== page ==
pu·​ta·​tive | \ ˈpyü-tə-tiv How to pronounce putative (audio) \

Definition of putative

1 : commonly accepted or supposed
2 : assumed to exist or to have existed

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Other Words from putative

putatively adverb

Putative: Always Before a Noun

Putative is almost always used in front of a noun, the modified noun being that which is assumed or supposed to be. The putative cause of a death, for example, is the one widely believed to have caused it, even when it hasn't been proven or made certain. However, one does not say "the cause was putative."

Did You Know?

There's no need to make assumptions about the root behind putative; scholars are quite certain the word comes from Latin putatus, the past participle of the verb putare, which means "to consider" or "to think." Putative has been part of English since the 15th century, and it often shows up in legal contexts. For instance, a "putative marriage" is one that is believed to be legal by at least one of the parties involved. When that trusting person finds out that his or her marriage is not sanctioned by law, other putare derivatives, such as dispute, disreputable,reputed,imputation, and deputy, may come into play.

Examples of putative in a Sentence

This has always been a nation willing to sell out its past for putative progress. — Anna Quindlen, Newsweek, 3 June 2002 The putative champions of liberty took up the cry of dissent only after it had become profitable and safe … — Lewis H. Lapham, Harper's, June 2000 Back in Hollywood in a few weeks, I was discouraged to find yet another putative director wandering about in the Cowan offices, also unpaid. — Arthur Miller, Timebends, 1987 the putative reason for her dismissal was poor job performance
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Recent Examples on the Web Excited about possibly connecting the neural region to sleep, Laurent’s team traced this putative claustrum’s connections to the rest of the lizard’s brain. Elizabeth Pennisi, Science | AAAS, "The Australian bearded dragon may hold secrets to human sleep," 12 Feb. 2020 The flood of putative new microbes comes from DNA sequencing studies that can isolate a single bacterium, or, at the other extreme, look at all the genetic material in a contained environment such as the human mouth. Jon Cohen, Science | AAAS, "New ‘reverse genomics’ method brings previously hidden bacteria to life," 30 Sep. 2019 Here was the chance to decipher the putative text of the polyptich. Quanta Magazine, "Using Mathematics to Repair a Masterpiece," 29 Sep. 2016 The math for calculating the scale of a putative global climate refugee crisis is a bit fuzzy. Ishaan Tharoor, Washington Post, "The climate crisis Trump ignores the most," 6 Dec. 2019 Regardless the ability to distinguish one-off stellar binaries from AGN assembly lines and other putative production mechanisms for black hole mergers is coming. Charlie Wood, Scientific American, "Black Hole Factories May Hide at Cores of Giant Galaxies," 4 Dec. 2019 Luterman’s argument relies in large part on a putative chasm between the interests of institutional employees, on one hand, and the residents who live there, on the other. John Hirschauer, National Review, "Who Decides Where Pennsylvanians with Disabilities Should Live?," 18 Nov. 2019 Normally with decades-away concepts like this, there's no point even discussing the putative technical specs. Jonathan M. Gitlin, Ars Technica, "Jaguar designed an electric sportscar just for Gran Turismo," 25 Oct. 2019 Its technical committee compiled a damning report in the summer, suggesting that the new acquisitions not only haven’t made a putative first team any stronger but haven’t even strengthened the squad. Jonathan Wilson, SI.com, "Madrid Derby Catches Real, Atletico in Midst of Sorting Out Their Transitions," 27 Sep. 2019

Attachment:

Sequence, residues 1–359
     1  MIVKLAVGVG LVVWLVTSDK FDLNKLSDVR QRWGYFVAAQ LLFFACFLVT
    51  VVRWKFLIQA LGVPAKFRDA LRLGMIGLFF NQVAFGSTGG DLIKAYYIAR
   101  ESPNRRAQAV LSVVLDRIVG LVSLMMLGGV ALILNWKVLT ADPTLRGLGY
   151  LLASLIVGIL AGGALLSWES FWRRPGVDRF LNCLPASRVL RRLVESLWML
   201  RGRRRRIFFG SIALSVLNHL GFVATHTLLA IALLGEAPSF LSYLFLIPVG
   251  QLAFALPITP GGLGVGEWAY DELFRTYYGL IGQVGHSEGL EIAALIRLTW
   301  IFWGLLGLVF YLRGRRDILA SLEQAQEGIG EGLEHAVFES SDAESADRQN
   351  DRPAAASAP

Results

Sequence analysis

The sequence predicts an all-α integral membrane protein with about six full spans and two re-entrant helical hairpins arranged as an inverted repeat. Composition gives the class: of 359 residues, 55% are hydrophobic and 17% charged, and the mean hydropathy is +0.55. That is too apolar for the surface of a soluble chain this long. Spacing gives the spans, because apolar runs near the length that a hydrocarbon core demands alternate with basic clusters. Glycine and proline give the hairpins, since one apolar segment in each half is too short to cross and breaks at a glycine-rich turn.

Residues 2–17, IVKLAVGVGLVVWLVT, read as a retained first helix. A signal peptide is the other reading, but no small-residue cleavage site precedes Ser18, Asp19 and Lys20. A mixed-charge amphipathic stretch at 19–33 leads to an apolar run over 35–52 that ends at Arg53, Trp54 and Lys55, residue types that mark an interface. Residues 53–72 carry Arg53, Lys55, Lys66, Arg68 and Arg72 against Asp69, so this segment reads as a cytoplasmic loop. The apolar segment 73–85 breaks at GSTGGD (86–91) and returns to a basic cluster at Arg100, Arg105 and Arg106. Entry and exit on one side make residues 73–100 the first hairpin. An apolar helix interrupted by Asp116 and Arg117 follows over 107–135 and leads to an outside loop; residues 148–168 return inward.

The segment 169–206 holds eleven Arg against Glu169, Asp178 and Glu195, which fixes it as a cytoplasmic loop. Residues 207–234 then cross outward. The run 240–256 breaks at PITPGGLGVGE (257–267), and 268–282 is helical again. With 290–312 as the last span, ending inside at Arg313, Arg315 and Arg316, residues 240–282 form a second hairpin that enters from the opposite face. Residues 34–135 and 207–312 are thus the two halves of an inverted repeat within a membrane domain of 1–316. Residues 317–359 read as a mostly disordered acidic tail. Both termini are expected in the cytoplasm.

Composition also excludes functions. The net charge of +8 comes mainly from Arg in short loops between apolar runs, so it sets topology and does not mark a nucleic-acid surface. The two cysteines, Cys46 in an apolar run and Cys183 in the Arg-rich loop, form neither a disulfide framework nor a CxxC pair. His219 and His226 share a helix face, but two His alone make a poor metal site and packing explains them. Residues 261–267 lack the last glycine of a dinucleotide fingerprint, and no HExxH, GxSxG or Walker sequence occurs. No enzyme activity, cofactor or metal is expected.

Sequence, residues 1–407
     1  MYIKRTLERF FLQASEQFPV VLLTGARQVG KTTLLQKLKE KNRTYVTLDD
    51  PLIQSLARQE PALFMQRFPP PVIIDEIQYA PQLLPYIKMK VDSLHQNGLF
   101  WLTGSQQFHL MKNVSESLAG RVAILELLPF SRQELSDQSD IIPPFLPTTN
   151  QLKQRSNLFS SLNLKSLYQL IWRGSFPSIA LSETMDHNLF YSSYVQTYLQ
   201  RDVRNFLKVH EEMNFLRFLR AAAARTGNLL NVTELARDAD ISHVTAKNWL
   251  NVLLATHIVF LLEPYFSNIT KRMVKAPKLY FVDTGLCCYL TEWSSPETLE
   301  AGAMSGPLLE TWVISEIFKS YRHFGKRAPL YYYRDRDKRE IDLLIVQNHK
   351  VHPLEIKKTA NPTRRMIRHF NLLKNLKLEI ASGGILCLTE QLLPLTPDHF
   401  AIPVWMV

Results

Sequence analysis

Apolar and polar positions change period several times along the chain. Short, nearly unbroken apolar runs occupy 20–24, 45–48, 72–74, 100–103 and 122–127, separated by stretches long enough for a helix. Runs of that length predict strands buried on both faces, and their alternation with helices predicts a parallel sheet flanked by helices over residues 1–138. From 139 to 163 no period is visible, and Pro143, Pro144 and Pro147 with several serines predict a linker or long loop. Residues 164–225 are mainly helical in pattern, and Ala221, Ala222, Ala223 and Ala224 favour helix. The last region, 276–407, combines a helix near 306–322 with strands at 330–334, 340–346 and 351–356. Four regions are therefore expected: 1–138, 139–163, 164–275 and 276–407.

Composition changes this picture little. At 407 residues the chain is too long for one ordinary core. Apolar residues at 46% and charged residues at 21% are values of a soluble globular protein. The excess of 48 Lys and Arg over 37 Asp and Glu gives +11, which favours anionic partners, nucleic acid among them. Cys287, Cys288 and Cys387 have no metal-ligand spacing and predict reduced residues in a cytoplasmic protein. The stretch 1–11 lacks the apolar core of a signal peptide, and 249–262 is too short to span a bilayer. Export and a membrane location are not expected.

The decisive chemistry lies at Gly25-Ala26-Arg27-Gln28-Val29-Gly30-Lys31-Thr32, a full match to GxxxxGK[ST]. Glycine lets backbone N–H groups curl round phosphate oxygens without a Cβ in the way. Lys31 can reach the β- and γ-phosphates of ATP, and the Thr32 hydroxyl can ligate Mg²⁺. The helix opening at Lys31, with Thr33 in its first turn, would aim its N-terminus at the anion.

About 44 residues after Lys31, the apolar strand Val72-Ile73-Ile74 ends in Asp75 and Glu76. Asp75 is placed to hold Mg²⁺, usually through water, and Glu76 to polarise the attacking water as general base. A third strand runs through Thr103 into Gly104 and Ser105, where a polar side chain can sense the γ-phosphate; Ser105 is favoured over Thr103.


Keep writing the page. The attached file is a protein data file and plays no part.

These example sentences are selected automatically from various online news sources to reflect current usage of the word 'putative.' Views expressed in the examples do not represent the opinion of Merriam-Webster or its editors. Send us feedback.

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First Known Use of putative

15th century, in the meaning defined at sense 1

History and Etymology for putative

Middle English, from Late Latin putativus, from Latin putatus, past participle of putare to think

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Time Traveler for putative

Time Traveler

The first known use of putative was in the 15th century

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Statistics for putative

Last Updated

15 Feb 2020

Cite this Entry

“Putative.” Merriam-Webster.com Dictionary, Merriam-Webster, https://www.merriam-webster.com/dictionary/putative. Accessed 24 Feb. 2020.

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More Definitions for putative


How to pronounce putative (audio)

English Language Learners Definition of putative

formal : generally believed to be something


pu·​ta·​tive | \ ˈpyü-tə-tiv How to pronounce putative (audio) \

Legal Definition of putative

: thought, assumed, or alleged to be such or to exist the child's putative father ignorantly entered into a putative marriage before the divorce from a previous spouse was final

Other Words from putative

putatively adverb

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